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Study reveals growth charts for puppies could help tackle obesity
"The results of this study suggest that these growth charts can identify healthy growth [and] possible health problems." - Prof Alex German.

New evidence-based growth standards developed for vets and owners

New research has suggested that the use of growth charts for puppies, similar the those used by humans, could help veterinary surgeons and pet owners to combat the ongoing canine obesity problem.

The research published in the journal PLOS One – was conducted by researchers from the University of Liverpool, Waltham Petcare Science Institute, Banfield Pet Hospital, and UCL Great Ormond Street Institute of Child Health.

The team created multiple evidence-based growth charts, based on bodyweight, for dogs across five different size categories. They then compared the growth curves presented by this set of standards with the patterns of growth in dogs that were healthy, had abnormal body condition, or had various diseases known to be associated with abnormal growth.

The results showed that 68 per cent of dogs that developed obesity by three years old gained weight faster than the growth standards predicted. However, 49 per cent of dogs that became underweight by three years old gained weight more slowly than what was expected.

Alex German, professor of small animal medicine at the University of Liverpool, said: “We know optimal growth is crucial for the future health and wellbeing of dogs, as many of the health issues that appear during early life are associated with poor weight management.

“The results of this study suggest that these growth charts can identify healthy growth as well as patterns of growth signalling possible health problems.

“We hope that veterinarians and owners will find these evidence-based growth standards easy to use, helping puppies to keep in shape and starting them on the right path for their adult life.”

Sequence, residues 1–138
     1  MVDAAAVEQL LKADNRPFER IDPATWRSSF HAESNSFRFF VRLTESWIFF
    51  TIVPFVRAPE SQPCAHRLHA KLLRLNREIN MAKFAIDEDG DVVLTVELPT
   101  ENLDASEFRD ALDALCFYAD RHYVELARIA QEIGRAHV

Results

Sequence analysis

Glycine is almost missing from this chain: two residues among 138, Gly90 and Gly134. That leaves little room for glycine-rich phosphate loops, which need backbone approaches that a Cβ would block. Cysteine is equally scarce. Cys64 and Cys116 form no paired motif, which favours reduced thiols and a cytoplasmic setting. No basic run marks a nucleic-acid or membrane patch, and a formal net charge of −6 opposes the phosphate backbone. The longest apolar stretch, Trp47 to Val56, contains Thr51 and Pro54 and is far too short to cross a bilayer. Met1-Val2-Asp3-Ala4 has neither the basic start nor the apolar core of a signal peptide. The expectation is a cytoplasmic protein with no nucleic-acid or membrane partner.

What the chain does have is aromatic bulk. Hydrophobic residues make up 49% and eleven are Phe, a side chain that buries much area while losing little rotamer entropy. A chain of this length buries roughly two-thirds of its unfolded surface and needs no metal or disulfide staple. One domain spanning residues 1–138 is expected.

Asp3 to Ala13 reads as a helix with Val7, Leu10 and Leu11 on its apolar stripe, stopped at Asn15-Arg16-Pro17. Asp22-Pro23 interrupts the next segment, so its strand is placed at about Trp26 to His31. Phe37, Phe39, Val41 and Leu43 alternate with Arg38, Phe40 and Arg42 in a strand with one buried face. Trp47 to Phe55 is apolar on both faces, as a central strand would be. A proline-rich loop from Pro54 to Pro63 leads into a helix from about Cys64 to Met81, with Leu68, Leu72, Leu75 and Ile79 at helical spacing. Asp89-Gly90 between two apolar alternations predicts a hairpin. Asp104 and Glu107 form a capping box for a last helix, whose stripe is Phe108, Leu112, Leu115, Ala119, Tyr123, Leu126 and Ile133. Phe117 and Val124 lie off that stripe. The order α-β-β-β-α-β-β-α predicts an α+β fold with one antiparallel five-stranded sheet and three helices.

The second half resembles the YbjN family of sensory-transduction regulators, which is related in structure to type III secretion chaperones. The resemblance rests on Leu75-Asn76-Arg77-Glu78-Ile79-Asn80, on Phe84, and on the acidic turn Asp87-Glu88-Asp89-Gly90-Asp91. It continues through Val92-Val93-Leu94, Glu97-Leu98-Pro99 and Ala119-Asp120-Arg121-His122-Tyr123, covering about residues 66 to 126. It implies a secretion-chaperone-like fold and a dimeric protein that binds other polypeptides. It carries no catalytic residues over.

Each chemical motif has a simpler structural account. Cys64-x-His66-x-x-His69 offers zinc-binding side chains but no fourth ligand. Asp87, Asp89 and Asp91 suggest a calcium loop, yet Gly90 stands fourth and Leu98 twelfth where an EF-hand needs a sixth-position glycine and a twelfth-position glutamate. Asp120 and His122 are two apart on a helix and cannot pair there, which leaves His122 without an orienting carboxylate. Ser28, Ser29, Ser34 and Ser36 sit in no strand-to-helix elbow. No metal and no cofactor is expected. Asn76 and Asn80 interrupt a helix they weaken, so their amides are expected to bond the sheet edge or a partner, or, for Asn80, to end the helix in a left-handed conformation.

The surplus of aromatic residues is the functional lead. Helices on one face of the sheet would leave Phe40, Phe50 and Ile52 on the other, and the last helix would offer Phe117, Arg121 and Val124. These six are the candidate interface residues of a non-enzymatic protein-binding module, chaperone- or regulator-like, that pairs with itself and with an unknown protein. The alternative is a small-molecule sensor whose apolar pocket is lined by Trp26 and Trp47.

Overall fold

To view the growth charts please visit the Waltham Petcare Science Institute's website.

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AWF Student Grant Scheme opens for applications

News Story 1
 The Animal Welfare Foundation (AWF) is inviting applications to its 2021 Student Grant Scheme for innovative projects designed to impact animal welfare. The scheme welcomes proposals from undergraduates studying veterinary and animal welfare degrees, but students from other disciplines are also welcome to apply.

Grants will fund projects on animal welfare topics that are relevant to the veterinary profession and help develop the student's skills as a researcher. This year, the AWF is also accepting projects which are carried out alongside EMS so long as they are supervised. For more information and to apply, visit animalwelfarefoundation.org.uk 

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News Shorts
Bristol Vet School announces new PhD Studentship opportunities

Bristol Veterinary School has announced four new PhD Studentship opportunities with a focus on cattle welfare. The projects include:

Developing a novel approach to improve the welfare of dairy cows; The impact of early life programming on resistance to helminths in ruminant livestock; The impact of change and the ability to deal with it on an individual's affective state and welfare; Harnessing 3D cameras and deep learning for on-the-fly automated body condition and mobility analysis to improve cattle welfare.

For more details and how to apply, visit the University of Bristol's website.